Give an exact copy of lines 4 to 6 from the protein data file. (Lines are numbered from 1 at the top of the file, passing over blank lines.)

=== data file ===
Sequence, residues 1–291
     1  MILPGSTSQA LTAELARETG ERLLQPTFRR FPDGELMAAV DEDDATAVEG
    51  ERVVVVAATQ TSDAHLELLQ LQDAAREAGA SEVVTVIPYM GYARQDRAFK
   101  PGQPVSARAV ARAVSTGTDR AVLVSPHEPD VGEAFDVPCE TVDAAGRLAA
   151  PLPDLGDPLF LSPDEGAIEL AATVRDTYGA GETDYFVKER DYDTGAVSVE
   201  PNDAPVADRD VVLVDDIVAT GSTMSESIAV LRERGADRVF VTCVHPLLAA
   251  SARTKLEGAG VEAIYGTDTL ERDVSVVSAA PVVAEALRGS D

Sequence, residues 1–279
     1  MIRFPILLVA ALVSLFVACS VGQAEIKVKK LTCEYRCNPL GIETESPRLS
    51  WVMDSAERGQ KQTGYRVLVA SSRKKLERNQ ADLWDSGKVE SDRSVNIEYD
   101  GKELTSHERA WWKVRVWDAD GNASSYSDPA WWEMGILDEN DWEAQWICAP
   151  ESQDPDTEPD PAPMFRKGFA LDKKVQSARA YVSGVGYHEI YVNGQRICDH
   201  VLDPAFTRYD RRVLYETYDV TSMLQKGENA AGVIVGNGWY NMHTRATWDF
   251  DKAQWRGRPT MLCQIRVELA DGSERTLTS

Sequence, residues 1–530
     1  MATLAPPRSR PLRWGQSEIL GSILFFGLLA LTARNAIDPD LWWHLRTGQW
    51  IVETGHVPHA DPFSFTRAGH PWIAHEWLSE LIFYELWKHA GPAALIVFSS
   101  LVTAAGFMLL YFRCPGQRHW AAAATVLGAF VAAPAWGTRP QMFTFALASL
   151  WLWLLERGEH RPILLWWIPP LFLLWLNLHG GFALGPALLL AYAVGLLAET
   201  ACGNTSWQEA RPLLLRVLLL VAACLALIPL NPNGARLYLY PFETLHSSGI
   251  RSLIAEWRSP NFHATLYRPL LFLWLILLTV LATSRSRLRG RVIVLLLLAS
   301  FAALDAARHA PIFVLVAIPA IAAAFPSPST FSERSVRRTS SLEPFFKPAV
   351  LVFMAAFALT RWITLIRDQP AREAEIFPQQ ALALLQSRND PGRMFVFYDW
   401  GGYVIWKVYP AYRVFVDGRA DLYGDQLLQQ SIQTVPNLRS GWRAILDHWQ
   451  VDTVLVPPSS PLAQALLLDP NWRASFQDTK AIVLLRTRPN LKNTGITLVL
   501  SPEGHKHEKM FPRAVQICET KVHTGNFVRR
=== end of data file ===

   101  PGQPVSARAV ARAVSTGTDR AVLVSPHEPD VGEAFDVPCE TVDAAGRLAA
   151  PLPDLGDPLF LSPDEGAIEL AATVRDTYGA GETDYFVKER DYDTGAVSVE
   201  PNDAPVADRD VVLVDDIVAT GSTMSESIAV LRERGADRVF VTCVHPLLAA